Posts Tagged ‘Riff’

Salt Lake City-based duo Eagle Twin share ‘The Heavy Hoof’ from their incoming and third album, The Thundering Heard (Songs Of Hoof And Horn), due out on March 30th via Southern Lord.

About the track Gentry Densley comments,”The Heavy Hoof is the first Eagle Twin song we ever wrote so it has been something we have played throughout the years but never properly recorded until now. Its a simple ditty, that has only gotten heavier over time, all about death and the devil and all that good stuff!  Its also about, you know, leaving your particles tingling, dancing in space, after your consciousness has been trampled."

‘The Heavy Hoof’ is heavy alright: get your lugs round it here:

AA

Eagle Twin - Thundering

Advertisements

Come Play With Me – 6th April 2018

Christopher Nosnibor

I happened to catch Brooders when they supported Hands Off Gretel in York last summer, and was taken by their grungy tunes. Specifically, the combination of weight and melody. They’re probably to young to grow stubble, let alone have been born when Kurt Cobain was still alive, and yet they’ve got the whole thing nailed, encapsulating the spirit of c.1992 with aplomb.

‘Lie’ captures all of this, along with the energy of their live show, perfectly. The hefty psychedelic aspect of the sound is also well-represented. You might reference Alice in Chains and Queens of the Stone Age, and justifiably but there’s a sludgy density to the sound that brings another dimension.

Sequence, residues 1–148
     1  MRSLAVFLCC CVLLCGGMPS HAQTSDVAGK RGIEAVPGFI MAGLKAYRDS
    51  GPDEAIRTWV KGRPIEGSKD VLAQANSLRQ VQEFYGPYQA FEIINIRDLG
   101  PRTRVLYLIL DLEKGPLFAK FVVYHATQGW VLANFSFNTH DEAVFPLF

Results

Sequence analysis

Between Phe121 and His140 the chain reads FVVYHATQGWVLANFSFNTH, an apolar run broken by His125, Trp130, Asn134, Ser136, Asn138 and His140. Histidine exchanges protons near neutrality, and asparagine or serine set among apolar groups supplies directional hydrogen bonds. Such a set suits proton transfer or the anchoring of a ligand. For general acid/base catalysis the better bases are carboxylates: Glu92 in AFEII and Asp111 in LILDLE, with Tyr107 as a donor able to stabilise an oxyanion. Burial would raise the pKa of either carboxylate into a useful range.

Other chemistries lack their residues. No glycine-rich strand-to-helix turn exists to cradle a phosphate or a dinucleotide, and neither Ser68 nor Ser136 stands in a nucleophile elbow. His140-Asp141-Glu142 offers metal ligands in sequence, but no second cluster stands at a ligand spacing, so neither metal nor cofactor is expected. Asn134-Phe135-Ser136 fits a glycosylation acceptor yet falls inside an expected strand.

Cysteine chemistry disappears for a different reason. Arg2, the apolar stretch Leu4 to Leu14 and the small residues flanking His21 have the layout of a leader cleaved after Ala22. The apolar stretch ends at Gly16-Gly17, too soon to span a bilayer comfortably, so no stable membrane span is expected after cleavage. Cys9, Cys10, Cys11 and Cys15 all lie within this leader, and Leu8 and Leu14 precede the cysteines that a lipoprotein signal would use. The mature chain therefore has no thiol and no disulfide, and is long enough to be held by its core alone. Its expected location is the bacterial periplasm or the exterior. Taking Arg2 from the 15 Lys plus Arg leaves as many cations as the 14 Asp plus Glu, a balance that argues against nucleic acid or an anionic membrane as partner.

Adam Bairstow (guitar / vocals, and to differentiate from the other Adams in the band – they’re like the Ramones or something, only they’re all called Adam) says of ‘Lie’, “It’s a culmination of the stresses and pressures that come with love, loss and paranoia all rolled into one brutally honest, twisted, chaotic track.”

For all this, it’s a strangely ambiguous sensation that bubbles in my gut when I wrestle with the notion of the youth of today appropriating the music of my own youth. However objectively one tries to critique music, it’s inevitable that any response to music or any art is personal and entirely subjective. Because the purpose of art is to stir an emotional response which has nothing to do with the mechanics and technicality of its production or process.

Is part of their appeal to me the fact they stir a certain nostalgia? As it happens, no. Grunge may have embossed itself within the sphere of my musical appreciation in my teens, but what I, like anyone else – I like to think – responds to is the language of sound and the overall sonic experience, spanning lyrics, instrumentation and dynamics.

These elements are all fundamental to the driving force that is ‘Lie’. There’s nothing about this snarling mess of overdriven guitars that suggests they’re trying to artificially recreate the zeitgeist of a previous age, or that they’re anything but entirely authentic. Most importantly, ‘Lie’ is a full-blooded, full-on riff-driven effort that sees Brooders come on with all guns blazing. And it’s a real rush.

AA

Brooders

Ahead of the release of their upcoming album I, Awake, progressive, post-rock and general riff-heavy outfit Upcdownc have shared a new video for the track ‘Adrift (Parts 1 & 2)’. At just 1 min 27 sec in length it’s a short and sharp blast of intense heavy music.

Watch the video here:

AAA

DSC_9828

AA

Upcoming live shows:

15th Sept – Birthdays, London
16th Sept – Sticky Mikes, Brighton
20th Oct – Hijack, Bolougne Sur Mer
22nd Oct – Music City, Antwerp

Silver Snakes – Saboteur

Posted: 21 February 2016 in Albums
Tags: , , , ,

12th February 2016